Flexible working: How to job-share the role of primary headteacher

Written by: Alison Fitch & Rebecca Stacey | Published:
Image: Adobe Stock

Job-sharing the role of headteacher is an increasingly popular option. Co-heads Alison Fitch and Rebecca Stacey explain how their role works, why it is effective and why job-sharing could be a key factor in retaining more teachers


We are co-heads at Boxgrove Primary School in Surrey, part of the Guildford Education Partnership, and we have been job-sharing for more than five years.

Since the pandemic hit, flexible working has become more mainstream. We have long felt that allowing for more flexibility in the education sector would lead to more teachers wanting to stay in teaching and not leave the profession.

It remains the case that most roles, for class teachers and senior leadership positions, are still advertised as full-time. However, as one child at our school once told an Ofsted inspector: “Two heads are better than one!”

Our role was not advertised as a job-share, and we were working as the deputy and assistant head at Boxgrove when an interim headteacher position arose.

It was not practical for either of us to take it on full-time due to other commitments. However, we already had such a strong working relationship (having been at the school for more than 15 years) that we felt we should seize this opportunity to prove that being co-heads could have a significant impact on the development of the school.

When we pitched the idea of a job-share, we knew how important it was to have the governors on board. To demonstrate the benefits, we visited two schools who already had co-heads to learn about their experiences.


Protection from burn-out

Teaching is a hugely rewarding vocation, but it can be difficult to balance work and life. Sharing our role helps to protect us from the burn-out that can affect others in the profession. It also helps ensure we can bring real vitality to the position on the days we are working.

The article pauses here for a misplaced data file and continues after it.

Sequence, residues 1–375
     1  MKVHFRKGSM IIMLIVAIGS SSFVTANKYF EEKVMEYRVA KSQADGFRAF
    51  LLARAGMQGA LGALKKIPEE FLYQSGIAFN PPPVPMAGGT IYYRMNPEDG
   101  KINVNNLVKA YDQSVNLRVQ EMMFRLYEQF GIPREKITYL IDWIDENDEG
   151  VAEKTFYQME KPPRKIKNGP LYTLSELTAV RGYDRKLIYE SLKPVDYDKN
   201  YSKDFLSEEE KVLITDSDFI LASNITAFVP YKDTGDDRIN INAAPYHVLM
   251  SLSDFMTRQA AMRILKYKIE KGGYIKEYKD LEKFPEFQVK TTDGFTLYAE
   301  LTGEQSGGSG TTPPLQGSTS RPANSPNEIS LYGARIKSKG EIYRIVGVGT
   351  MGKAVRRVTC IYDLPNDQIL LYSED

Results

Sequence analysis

Being a headteacher is a great privilege but as with being at the top of any organisation, it can be isolating. Splitting the role means we can support each other when required and provide on-going supervision during stressful situations.

­We believe job-sharing has allowed us to invest more emotionally in the school than if one person was carrying the responsibility of the position alone. We are proud of the warm and nurturing environment we have cultivated at Boxgrove and the support we lend each other makes this possible.

The mental load you carry as a parent and a headteacher is immense; you are acutely aware of how important the early years of a child’s life are, both in terms of your own children and those who attend your school.

Instinctively, we both always want to go the extra mile and do everything we can to help those that it is our responsibility to educate and care for.

However, we are conscious that it is also only right to conserve energy for our own children and job-sharing makes preserving your own mental and physical health easier.


Communication is key

When we started as co-heads, we felt it was crucial to clarify our vision for the school and we continually return to the points we assembled then to ensure we are on track. This also means that we are always on the same page when providing answers to staff and governors.

Wednesdays are a brilliant day for us as that is when we get together to discuss how to strategically move the school forward for the children at Boxgrove, along with making long-term plans.